Sure, and a lot of pictures. I’d be wanting to charge for pictures then. I’d have a lineup of Korean tourists.
I’m sure. I wonder what that would feel like to pet a hairless cat.
I don’t know, but I’d like to do it.
Talk to me about people struggling with self-acceptance. Whether it’s because of their outward appearance; you’re talking about weight, but there are so many things in our culture, whether it’s a disability or something else, people might feel like they’re struggling with self-acceptance. I struggle with self-acceptance and I would be considered just an average person. What would you say to people who are struggling with self-acceptance?
That’s a really good question because when I talk about self-acceptance, I do speak about how it’s a human problem. It’s not just a weight problem. As you said, everybody goes through these moments in their lives where they don’t like their job or their car or their house or they don’t like the way that they interact with people. I mean, how many times have you had a conversation with somebody and you go home and you beat yourself up over it? You just feel like, “Ugh, why did I say that? Why did I do that?” So, what I always talk about and what I’ve touched upon before is getting to that place of true self-reflection.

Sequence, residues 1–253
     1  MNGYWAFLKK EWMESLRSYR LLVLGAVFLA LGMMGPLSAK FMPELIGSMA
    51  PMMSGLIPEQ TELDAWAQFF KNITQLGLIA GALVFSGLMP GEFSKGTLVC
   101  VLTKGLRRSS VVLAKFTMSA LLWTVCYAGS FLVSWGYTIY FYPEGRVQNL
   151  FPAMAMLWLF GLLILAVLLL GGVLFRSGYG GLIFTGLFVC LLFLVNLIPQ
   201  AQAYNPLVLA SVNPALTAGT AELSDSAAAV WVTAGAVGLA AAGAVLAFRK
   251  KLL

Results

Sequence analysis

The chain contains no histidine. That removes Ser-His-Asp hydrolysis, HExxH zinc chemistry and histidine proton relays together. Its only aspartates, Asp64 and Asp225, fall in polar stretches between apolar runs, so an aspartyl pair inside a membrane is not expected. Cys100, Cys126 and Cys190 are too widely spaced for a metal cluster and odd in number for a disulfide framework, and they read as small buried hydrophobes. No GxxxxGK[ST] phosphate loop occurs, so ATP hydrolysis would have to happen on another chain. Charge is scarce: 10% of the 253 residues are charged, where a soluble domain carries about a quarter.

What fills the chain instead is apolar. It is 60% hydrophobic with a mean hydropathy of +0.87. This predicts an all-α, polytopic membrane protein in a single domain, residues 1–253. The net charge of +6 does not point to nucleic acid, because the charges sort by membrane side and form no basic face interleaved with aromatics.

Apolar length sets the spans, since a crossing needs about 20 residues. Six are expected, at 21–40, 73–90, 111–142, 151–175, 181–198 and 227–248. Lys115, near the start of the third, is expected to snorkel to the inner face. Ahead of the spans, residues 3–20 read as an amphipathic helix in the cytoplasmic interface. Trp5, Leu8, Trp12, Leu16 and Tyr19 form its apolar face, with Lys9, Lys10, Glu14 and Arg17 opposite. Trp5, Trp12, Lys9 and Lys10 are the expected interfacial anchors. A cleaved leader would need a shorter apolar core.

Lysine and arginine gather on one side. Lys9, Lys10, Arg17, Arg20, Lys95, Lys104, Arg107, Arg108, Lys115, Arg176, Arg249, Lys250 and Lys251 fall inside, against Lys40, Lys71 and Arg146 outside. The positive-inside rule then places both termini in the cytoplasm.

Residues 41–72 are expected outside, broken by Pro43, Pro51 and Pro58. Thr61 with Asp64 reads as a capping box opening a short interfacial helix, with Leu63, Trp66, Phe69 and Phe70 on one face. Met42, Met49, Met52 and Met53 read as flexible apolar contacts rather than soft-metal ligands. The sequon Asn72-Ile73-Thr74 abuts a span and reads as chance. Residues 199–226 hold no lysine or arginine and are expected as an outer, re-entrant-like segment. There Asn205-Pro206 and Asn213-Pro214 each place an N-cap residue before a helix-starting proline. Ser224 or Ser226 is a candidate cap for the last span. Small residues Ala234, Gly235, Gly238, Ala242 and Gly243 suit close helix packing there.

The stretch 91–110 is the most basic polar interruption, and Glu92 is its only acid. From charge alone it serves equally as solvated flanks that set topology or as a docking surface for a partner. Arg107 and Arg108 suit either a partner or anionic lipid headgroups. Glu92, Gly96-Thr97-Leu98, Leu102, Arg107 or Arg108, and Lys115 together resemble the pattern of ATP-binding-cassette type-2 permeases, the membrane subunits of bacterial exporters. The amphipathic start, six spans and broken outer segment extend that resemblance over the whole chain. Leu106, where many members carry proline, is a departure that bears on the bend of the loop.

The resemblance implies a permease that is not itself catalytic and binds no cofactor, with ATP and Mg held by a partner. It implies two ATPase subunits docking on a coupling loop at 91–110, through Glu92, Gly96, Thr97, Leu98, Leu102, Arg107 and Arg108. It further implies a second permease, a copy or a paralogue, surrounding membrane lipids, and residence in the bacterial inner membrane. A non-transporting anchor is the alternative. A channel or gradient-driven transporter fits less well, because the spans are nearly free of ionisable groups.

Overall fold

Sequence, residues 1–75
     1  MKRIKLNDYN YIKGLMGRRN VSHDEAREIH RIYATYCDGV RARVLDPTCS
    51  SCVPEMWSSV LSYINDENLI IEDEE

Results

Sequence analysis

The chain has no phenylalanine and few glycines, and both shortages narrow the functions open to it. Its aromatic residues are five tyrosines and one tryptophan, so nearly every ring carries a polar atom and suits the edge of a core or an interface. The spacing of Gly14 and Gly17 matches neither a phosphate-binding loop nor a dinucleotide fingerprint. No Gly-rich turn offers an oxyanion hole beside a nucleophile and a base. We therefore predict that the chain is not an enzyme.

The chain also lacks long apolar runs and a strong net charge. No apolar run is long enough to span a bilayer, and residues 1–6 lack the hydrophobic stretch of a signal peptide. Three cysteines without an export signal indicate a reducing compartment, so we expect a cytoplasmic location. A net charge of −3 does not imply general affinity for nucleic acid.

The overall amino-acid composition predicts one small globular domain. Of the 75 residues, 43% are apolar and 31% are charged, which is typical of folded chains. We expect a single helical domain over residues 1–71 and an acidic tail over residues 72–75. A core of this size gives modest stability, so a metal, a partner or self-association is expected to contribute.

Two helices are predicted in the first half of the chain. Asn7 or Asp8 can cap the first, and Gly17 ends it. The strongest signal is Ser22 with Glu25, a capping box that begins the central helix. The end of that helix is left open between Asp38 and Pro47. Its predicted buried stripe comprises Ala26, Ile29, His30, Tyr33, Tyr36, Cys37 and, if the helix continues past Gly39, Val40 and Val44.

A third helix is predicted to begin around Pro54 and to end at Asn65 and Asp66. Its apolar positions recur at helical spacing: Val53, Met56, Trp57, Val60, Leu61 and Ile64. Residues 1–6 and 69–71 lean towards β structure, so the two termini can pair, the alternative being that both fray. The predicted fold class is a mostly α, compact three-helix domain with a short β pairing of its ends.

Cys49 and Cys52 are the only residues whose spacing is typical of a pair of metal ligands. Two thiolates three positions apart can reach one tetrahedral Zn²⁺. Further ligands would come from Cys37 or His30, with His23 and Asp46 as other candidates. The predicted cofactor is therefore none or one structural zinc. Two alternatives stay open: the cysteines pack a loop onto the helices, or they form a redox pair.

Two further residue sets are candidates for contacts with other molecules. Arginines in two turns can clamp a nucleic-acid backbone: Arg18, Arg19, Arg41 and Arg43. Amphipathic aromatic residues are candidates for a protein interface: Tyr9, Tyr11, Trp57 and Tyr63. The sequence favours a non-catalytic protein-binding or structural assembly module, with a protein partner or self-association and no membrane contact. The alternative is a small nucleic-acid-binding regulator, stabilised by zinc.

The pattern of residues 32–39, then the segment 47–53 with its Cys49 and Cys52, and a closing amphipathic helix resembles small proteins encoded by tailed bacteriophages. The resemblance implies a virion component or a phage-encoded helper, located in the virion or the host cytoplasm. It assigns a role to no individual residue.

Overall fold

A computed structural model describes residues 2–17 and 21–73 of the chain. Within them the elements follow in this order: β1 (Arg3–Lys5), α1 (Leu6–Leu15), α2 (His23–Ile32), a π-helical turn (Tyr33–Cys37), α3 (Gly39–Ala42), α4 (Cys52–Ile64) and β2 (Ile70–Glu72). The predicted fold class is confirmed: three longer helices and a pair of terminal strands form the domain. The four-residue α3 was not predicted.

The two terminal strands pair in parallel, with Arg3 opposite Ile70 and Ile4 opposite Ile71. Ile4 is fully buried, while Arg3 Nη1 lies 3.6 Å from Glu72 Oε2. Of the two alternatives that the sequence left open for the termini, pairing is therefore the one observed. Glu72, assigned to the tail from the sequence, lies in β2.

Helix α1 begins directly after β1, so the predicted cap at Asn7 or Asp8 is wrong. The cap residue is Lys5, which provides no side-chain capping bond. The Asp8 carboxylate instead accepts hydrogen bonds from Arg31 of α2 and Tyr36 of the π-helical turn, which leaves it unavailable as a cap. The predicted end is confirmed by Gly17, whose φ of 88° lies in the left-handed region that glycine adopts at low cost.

We often talk about all the good things about ourselves and our good qualities and stuff like that. But I don’t care who you are, everyone has a dark side to them. Everybody has that negative portion to themselves and I reference the yin and the yang, because I think it’s a perfect representation of the human condition. We all have these parts of ourselves that we may not speak about. We might hide it from our partners or other people in our life but deep down inside, we beat ourselves up about it. We judge ourselves about it and we get stuck in this vicious thought process and this cycle of, “Oh, God. I can’t believe I thought that or I did that,” and then later, “Oh, I can’t believe I’m beating myself up for thinking that and doing that.” It just goes around and around and around and you’re just stuck. All of a sudden, it’s become behavior and now it’s part of your everyday life and so you’re doing it across the board.